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Managing File Attributes

A look at all the things your Finder doesn't know how to show you.

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File system attributes are half of your system security. The other half is your kernel which cooperates so well and dutifully with file system attributes. On a secure system all file operations have to pass from the user through an application, down to the file system APIs, through to the kernel, and from there to the file system drivers.

No one is allowed to disrupt the chain of command.

Taking a peek at your file system with the Finder isn't going to tell you squat. The Finder today is little more than a fancy image browser. It 'finds' files alright (at least in some of the cases) but it doesn't really do much with them.

Comparing what the Finder does with what can and should be done is pointless - the Finder doesn't do much at all. The better place to start is with simply showing what's available and what should be at your beck and call.

Standard Unix File Permissions

Unix files have something called a mode. This 'mode' includes file permissions but file permissions don't include the mode. Unix file permissions are divided into three groups for the file owner, for the group owner, and for everyone else. Each group can have up to three attributes for reading, writing and executing.

File permissions are commonly expressed either as an octal number or as a sequence of alphabetic characters. The following two illustrations shed a bit of light on what's going on.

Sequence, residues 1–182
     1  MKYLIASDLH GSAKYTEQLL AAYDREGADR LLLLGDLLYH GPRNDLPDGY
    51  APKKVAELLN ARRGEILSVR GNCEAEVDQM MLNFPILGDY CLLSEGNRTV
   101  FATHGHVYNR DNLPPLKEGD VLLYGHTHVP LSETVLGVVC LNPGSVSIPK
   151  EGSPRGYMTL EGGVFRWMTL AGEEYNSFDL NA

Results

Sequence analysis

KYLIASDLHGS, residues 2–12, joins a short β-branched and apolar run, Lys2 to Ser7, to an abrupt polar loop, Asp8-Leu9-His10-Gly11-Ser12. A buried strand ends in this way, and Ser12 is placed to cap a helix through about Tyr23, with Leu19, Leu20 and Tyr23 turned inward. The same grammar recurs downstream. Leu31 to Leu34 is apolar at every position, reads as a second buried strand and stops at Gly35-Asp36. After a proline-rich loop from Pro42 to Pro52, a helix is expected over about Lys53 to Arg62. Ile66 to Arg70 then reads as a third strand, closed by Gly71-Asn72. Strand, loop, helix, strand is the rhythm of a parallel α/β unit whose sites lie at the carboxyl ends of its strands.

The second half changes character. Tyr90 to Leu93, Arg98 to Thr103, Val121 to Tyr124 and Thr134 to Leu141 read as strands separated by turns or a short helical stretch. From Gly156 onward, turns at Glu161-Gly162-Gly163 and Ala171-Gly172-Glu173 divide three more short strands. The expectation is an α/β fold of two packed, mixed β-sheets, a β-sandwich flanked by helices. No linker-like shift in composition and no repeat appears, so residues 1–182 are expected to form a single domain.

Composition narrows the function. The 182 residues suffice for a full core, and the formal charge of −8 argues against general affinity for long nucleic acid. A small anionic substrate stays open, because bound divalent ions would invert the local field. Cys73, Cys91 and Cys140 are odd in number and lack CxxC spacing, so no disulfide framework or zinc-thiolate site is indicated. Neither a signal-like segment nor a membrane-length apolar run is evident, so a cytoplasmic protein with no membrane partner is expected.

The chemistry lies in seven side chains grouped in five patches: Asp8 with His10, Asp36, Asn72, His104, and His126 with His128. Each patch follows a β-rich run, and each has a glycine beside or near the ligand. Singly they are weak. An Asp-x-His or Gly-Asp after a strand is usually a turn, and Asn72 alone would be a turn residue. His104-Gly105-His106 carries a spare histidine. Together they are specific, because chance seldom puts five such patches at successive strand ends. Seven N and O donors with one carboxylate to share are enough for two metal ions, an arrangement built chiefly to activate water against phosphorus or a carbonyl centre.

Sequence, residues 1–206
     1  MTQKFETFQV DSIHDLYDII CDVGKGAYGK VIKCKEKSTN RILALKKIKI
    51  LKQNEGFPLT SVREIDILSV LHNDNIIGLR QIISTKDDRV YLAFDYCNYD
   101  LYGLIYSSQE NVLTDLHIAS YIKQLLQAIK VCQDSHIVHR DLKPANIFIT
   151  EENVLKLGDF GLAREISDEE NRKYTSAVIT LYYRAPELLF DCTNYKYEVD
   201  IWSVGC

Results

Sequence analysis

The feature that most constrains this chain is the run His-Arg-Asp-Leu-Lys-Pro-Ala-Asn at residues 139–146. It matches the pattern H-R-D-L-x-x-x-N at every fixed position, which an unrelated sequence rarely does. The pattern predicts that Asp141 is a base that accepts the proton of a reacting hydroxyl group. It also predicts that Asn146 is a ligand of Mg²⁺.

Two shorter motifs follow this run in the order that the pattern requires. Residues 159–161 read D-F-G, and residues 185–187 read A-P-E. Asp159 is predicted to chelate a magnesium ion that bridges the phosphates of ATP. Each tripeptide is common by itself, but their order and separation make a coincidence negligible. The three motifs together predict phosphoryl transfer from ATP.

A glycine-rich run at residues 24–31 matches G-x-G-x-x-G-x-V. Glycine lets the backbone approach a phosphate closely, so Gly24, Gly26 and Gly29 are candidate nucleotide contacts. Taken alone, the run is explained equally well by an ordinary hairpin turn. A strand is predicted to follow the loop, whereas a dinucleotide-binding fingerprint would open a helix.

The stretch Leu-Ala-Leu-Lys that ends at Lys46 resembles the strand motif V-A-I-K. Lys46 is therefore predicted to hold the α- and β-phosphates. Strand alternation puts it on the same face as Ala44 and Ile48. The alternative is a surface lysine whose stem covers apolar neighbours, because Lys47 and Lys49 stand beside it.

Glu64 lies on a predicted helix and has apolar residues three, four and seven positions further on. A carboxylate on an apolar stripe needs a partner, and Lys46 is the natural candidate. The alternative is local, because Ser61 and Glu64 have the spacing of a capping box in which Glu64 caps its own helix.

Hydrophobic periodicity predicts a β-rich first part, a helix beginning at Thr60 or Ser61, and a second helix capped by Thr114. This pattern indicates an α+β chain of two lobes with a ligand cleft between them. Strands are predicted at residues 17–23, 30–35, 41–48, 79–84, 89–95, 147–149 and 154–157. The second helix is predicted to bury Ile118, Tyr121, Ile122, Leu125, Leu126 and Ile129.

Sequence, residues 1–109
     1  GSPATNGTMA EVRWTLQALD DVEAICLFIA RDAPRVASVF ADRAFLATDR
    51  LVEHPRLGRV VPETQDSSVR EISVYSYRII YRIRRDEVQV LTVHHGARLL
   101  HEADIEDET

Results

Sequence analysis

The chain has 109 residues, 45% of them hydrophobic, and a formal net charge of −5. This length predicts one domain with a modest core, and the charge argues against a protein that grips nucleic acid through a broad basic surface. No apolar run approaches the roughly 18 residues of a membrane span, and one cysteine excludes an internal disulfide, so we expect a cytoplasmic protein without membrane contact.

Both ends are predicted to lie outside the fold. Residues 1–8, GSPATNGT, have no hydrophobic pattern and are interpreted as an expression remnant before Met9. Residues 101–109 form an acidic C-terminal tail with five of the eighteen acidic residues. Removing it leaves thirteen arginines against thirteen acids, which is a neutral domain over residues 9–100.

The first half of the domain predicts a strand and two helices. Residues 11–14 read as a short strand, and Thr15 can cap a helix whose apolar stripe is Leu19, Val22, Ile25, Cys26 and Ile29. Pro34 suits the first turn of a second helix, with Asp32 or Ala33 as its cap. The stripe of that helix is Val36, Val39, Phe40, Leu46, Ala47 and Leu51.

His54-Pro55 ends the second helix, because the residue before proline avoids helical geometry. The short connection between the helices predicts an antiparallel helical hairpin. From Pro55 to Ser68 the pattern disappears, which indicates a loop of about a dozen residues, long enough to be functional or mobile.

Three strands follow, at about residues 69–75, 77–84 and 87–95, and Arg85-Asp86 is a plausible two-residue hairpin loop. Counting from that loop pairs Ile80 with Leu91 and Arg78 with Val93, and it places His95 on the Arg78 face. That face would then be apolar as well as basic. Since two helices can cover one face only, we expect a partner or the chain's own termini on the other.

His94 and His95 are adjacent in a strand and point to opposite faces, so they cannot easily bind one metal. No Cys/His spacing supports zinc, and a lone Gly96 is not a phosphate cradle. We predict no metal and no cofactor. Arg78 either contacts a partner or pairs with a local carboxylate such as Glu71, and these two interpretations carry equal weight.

The first image is what Xattrib shows you. It spells out the attributes a bit more than often seen.

File TypeThe 'real file type' according to Unix. This isn't something you can alter. Dock.app's executable is a 'regular file' - an 'ordinary file'.
'Extra Bits'These are the sticky bits and the set ID bits. There are three: Sticky Bit, Set GID, and Set UID. More on them later.
AccessRead, Write, Execute bits divided up for User, Group, and Other.
User FlagsExtended flags that override ordinary file permissions.
System FlagsExtended flags that override all other file permissions.

The second image is what the ACP Framework shows you in applications such as Xfile, Xscan, Xfind, Tracker, and others. It spells out more than the attributes.

DeviceThe ID of the physical device the file resides on.
Device TypeThis will be '0' unless the target is a 'device file' in /dev.
InodeThe volume control block index for the file's information.
SizeThe size of the file in bytes.
ModeThe file's mode displayed in octal. Note this includes more than ordinary permissions.